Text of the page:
How to Create an Online Course in 4 Easy Steps

You’ve been wanting to make an online course for a long time, but haven’t quite gotten around to it yet.

What if I told you there was a way for you to create and publish your online course in just 90 minutes?

What if after watching this video you could make and launch your first course today?

We’re going to get you there in 4 steps.

Let’s get into it.

If you’ve been dragging your feet making your first course, that’s all going to change today.

The following four steps are going to get you on the path to creating and publishing your first course!

Step 1: Write an outline

The first step is to outline your course material.

This is a relatively quick, but very important step in the process because everything else depends on it.


The most common mistake in this step is to


brain-dump everything you know and try to


organize all of that information into a course,


which can leave your students with information


overload.


The goal of your course is not to deliver


as much information as possible, but to deliver


a result.


The question you want to answer before you


write anything else is, what end result do


I want for my student?


To make sure we stay on track, we’re going


to use a course outline template we’ve created.


If you’d like to get the outline and follow


along, you can find the link below this video.


As an example, we’ll outline a course around


the subject of hand-lettering.


Rather than writing down all the things we


know about hand-lettering, we’re going to


focus on a goal.


What kind of result might a student want from


hand-lettering?


Maybe they want to learn how to make hand


lettering art that they can turn into physical


products and then sell and enjoy for themselves.


That sounds like a great result so we’re


going to put that at the very top of the outline.


Now that we know what outcome we’re trying


to produce, we can break that outcome down


into its component parts.


Think of the various steps involved in producing


the final result:


- Your student will need to find or write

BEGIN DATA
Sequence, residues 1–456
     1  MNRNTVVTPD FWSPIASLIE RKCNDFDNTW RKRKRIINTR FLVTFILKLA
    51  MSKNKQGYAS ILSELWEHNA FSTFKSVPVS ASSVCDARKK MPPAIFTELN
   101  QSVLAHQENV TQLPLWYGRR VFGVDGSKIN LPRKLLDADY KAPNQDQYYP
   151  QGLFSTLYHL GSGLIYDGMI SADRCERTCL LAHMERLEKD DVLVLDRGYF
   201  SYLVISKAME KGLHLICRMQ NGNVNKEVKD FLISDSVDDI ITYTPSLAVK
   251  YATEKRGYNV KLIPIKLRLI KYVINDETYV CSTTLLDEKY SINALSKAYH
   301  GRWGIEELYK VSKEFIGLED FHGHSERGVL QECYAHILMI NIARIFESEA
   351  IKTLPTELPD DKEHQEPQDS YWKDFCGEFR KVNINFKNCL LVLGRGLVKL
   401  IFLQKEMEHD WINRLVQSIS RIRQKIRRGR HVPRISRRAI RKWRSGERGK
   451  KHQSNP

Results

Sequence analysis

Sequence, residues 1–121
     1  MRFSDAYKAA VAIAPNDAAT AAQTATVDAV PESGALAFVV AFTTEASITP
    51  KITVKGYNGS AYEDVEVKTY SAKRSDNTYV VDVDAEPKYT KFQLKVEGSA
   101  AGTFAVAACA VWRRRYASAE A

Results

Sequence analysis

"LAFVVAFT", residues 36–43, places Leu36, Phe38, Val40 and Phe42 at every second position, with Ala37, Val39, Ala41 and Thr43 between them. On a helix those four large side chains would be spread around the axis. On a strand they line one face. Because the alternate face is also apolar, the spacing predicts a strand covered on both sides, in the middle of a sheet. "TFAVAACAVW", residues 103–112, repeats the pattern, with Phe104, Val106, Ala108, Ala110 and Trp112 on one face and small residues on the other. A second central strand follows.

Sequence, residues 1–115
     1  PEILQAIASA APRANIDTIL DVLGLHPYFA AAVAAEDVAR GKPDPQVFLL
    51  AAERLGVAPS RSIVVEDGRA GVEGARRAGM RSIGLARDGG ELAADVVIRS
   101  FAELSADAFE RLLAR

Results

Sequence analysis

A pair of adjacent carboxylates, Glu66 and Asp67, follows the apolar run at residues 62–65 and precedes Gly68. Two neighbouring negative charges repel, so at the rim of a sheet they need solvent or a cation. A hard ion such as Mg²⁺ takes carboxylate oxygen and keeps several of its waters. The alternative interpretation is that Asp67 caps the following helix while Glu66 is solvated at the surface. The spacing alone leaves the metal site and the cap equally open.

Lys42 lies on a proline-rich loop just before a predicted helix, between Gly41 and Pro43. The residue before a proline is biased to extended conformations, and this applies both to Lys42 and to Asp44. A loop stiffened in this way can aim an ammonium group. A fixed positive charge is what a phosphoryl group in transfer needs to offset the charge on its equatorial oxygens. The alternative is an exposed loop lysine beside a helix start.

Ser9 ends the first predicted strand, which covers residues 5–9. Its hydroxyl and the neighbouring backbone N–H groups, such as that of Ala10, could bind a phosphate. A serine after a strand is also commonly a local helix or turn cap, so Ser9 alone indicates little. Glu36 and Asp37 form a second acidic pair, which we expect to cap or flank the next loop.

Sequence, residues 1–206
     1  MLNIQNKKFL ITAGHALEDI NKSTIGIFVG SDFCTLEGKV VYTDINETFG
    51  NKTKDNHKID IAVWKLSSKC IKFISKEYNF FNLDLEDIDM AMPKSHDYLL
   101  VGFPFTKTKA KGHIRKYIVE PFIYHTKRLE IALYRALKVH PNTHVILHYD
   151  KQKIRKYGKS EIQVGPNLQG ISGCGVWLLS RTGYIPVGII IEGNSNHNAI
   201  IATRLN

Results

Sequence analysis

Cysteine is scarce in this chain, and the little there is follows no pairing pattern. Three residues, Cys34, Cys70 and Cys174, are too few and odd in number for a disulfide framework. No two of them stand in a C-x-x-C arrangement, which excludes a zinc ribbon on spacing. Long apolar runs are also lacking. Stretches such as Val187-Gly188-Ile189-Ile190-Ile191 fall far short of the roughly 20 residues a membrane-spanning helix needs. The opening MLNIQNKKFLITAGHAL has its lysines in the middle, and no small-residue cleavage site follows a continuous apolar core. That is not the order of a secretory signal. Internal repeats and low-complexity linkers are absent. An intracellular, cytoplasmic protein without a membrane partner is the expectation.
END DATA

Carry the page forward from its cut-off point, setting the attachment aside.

a quote they can turn into a hand lettering


piece.


- They’ll want to make rough drafts to find


out how best to organize the text to make


their message stand out.


- You’ll want to give them specific pointers


on letter forms and styles.


- You’ll get into the tools and techniques


for making a finished piece.


- You’ll want to teach them how to convert


their hand-drawn design to a digital format


that can be printed.


- Finally, you’ll want to tell them where


and how they can print and sell their finished


design.


Now that you have an overview of the various


components, you can decide how to break these


up into individual modules.


We’ll use the outline template to break


these steps down even further to provide more


specific instructions and a clear path to


the result we’re trying to produce for our


student.


Normally we’d talk about writing down which


content types to use for each of the steps,


but because we’re trying to get this done


in 90 minutes, we’re going to stick with


something simple for now.


The great news is, now that you’ve got this


outline, there’s no reason you couldn’t


go back in the future and remake this course


using several different mediums.


Step 2: Create slides


For step two, we’re going to use our outline


as a guide for creating slides for a visual


representation of the material.


Our slides are going to consist of 3 different


components.


Text, pictures, and screen captures.


We are going to use Google’s free Slides


tool to put our presentation together.


You can build your presentation from scratch,


or you can use one of their pre-made templates.


You’ll want to create separate presentations


for each of your modules, and put your course


title, along with the module and lesson title


on the very first slide.


Before we get into creating the slides, let


me share a few pointers on the 3 components,


text, pictures, and screen captures.


- Text - When you add text, you want to make


sure the information is clear and easy to


read.


Organizing your information into bullet points,


adding titles, and bolding key takeaways are


some of the ways you can design your text


to be as clear and effective as possible.


- Pictures - If you are taking your own pictures,


you’ll want to make sure that your subject


is well lit, properly aligned and centered


in the frame, and that there aren’t other


objects cluttering the image and distracting


from the main subject.


If you are using photos from the web, make


sure you’re using royalty free images so


you don’t get hit with a copyright claim.


Take it from someone who had to pay shutterstock


$275 for a placeholder image.


Some of my favorite places to find images


are unsplash.com and pixabay.com


- Screen captures - If you’re using a PC


there are several free screen capture tools


out there.


One of my favorites is Jing.